Is a 'digital Pearl Harbor' in our future?

We are more vulnerable than ever, but such an attack would not be easy.

Dec. 7 is the anniversary of the Japanese attack against Pearl Harbor that crippled the U.S. Pacific fleet and brought this country into World War II. What have we learned in the 68 years since that world-changing day?

The threat in our age is less to ships and aircraft than to the technology that controls so many aspects of our lives. Many observers have warned that our defenses are not adequate to protect our nation’s critical infrastructure, and the phrase Electronic or Digital Pearl Harbor has been commonly used to describe a surprise cyber attack that could cripple our military and commercial capabilities. Dire as these warnings are, we should take them with a grain of salt.

Although cyber threats are real, the chances of a Digital Pearl Harbor remain small. This is due not so much to the success of our cyber defenses, which in many places remain inadequate, but to the realities of warfare and networking. Blowing a fleet out of the water is not easy, but taking down a network—-I mean really taking it down, to the point where it is gone for good—-is even harder.

There are those who disagree. Ira Winkler, former employee of the National Security Agency and now a consultant and writer, for years scoffed at the idea and called comparisons digital attacks to Pearl Harbor “insulting.” But in a recent blog posting tellingly titled “I Was Wrong: There Probably Will Be an Electronic Pearl Harbor,” he changes his opinion somewhat.

What changed, he writes, is the smart grid. By creating a vulnerable, ubiquitous infrastructure that is tied in with our national power grid, we have greatly increased the potential for a strategic attack doing long-term damage, he said. “While I will not cry wolf and say it is imminent, I sadly realize that an Electronic Pearl Harbor is now very possible.”

But doing systematic, long-term damage to a network is much harder than compromising a vulnerability. And even if such damage were possible, what would be the point?

The Japanese were able to severely damage the U.S. Pacific Fleet at Pearl Harbor because so many resources were vulnerable at one time and place, and could be put out of action with one blow. But even then, our aircraft carriers escaped and, as it turned out, came to be the dominant military factor in the Pacific war.

Networks are even more complex than a fleet. Being able to exploit a vulnerability does not mean being able to exploit all vulnerabilities, or every instance of the same vulnerability. And even if networks are interconnected, they are not a homogenous whole. If network administrators have difficulty managing their own large networks because they are too large, flexible and changeable to accurately inventory and map, imagine the difficulty for a malicious outsider in bringing one down.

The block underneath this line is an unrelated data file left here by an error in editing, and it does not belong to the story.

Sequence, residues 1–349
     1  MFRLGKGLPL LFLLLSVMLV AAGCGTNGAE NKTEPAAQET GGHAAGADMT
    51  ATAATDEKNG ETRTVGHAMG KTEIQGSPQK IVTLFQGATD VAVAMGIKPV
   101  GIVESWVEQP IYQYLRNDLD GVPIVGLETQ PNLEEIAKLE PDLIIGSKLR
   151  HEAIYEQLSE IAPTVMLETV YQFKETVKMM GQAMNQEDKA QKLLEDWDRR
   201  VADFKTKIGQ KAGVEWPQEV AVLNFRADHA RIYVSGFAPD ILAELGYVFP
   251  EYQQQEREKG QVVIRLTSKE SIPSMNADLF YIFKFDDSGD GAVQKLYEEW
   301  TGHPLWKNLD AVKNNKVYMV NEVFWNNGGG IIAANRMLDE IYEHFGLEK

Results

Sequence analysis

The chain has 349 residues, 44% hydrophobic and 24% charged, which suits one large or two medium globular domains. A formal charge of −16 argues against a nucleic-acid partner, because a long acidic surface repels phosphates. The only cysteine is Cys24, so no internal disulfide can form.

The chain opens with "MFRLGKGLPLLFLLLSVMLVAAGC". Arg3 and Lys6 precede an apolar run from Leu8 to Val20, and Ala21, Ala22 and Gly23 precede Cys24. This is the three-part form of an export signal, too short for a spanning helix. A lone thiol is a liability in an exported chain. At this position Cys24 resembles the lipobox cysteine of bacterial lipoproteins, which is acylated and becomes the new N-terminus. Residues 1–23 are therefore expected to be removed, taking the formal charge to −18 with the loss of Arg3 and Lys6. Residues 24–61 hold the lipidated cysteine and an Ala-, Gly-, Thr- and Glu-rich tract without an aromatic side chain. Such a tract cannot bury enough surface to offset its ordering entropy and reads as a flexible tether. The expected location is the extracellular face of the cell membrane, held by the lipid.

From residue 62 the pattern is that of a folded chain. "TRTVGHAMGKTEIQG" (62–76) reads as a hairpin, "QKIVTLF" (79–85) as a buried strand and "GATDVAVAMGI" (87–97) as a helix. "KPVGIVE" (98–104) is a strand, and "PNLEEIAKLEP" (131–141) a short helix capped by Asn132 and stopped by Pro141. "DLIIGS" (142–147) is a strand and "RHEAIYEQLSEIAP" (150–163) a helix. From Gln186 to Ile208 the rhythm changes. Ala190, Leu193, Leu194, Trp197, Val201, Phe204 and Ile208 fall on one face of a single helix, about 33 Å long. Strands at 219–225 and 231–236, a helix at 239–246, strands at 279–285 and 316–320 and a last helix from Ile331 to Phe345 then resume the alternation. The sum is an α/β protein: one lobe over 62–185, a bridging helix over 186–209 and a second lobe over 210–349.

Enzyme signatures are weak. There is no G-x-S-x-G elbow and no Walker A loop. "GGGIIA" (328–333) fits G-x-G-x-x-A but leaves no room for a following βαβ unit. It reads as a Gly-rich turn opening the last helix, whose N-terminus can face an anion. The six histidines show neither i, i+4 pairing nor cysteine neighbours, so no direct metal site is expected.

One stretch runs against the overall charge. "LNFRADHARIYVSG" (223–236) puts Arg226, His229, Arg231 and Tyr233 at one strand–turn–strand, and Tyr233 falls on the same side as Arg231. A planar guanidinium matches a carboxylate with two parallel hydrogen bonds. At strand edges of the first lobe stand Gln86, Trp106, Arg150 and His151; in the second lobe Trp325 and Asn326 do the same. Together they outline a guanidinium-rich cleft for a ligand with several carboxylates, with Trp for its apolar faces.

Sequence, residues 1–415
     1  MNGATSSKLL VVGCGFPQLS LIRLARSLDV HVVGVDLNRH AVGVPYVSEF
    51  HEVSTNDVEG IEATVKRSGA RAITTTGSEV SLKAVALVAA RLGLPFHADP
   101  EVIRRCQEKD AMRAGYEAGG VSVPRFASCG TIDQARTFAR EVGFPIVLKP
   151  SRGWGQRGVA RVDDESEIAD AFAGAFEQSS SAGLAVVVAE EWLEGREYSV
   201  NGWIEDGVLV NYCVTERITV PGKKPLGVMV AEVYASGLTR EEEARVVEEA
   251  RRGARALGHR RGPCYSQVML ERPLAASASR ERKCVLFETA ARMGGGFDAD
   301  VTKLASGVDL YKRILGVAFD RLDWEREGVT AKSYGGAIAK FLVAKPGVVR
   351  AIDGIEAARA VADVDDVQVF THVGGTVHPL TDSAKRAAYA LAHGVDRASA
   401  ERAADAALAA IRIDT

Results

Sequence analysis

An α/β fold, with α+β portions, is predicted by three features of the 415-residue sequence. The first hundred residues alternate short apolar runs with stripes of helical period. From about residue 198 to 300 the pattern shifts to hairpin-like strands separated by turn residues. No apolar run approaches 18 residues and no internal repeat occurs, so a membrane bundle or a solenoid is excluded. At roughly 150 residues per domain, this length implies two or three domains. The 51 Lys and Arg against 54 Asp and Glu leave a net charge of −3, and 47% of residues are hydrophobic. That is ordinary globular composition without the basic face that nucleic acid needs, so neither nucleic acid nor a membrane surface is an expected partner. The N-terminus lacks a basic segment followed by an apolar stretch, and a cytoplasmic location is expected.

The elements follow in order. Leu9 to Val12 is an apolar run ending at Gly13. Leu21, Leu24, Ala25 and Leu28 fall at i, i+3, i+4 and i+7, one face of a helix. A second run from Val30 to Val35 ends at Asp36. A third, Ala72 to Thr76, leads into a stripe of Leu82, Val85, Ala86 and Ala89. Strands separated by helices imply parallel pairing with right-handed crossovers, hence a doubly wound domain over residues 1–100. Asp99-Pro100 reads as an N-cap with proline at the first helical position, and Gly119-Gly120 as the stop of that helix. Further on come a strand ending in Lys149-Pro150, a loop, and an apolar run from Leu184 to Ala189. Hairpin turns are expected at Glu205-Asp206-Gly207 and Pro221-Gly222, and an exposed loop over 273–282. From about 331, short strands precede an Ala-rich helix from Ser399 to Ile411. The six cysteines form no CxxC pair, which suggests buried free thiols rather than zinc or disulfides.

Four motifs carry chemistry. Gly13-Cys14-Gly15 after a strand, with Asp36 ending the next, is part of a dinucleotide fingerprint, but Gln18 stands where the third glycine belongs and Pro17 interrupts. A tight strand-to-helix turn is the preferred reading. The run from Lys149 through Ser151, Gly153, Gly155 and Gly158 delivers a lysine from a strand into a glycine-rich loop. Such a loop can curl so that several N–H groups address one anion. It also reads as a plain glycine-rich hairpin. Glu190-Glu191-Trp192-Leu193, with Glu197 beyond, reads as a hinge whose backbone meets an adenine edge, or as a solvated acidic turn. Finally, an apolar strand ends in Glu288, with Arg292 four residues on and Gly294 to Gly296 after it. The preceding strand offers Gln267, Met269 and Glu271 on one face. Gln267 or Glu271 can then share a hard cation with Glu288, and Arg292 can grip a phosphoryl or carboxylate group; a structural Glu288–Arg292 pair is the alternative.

Of course, elements of it can be interfered with, damaged or even destroyed. But networks are typically too fragmented and redundant to stand or fall as one. Our networks have never been reliable enough to depend upon completely, so they are full of backups, workarounds and overrides that ensure that much of the work gets done even when the parts fail.

And it is important to remember that Pearl Harbor was not an end in itself. Japan gained little or nothing from destroying the fleet in Hawaii. The value of the attack was in the Imperial Navy’s ability to follow it up with attacks in Guam, the Philippines and other locations that enabled them to take and hold strategic military positions.

What good would it do for an attacker to take down vital U.S. networks? While the damage to this country could be great, the benefit to an attacker would be nil if it could not be followed up. The real threat of cyber warfare is not in stand-alone attacks, but in attacks coordinated with military action. At this point, there are very few parties out there with both the ability and inclination to take on the United States militarily, whether our networks are up or down. Terrorists could score points with a devastating cyber attack, of course, but without the ability to follow it up militarily, it would not rise to the level of a Pearl Harbor.

This is not to say that cyber attacks are not a serious concern, that our systems are not vulnerable, or that we do not need to pay attention to the growing threats posed by cyber intrusion. But we should address the issues realistically and understand the scope of the problem.

 

 

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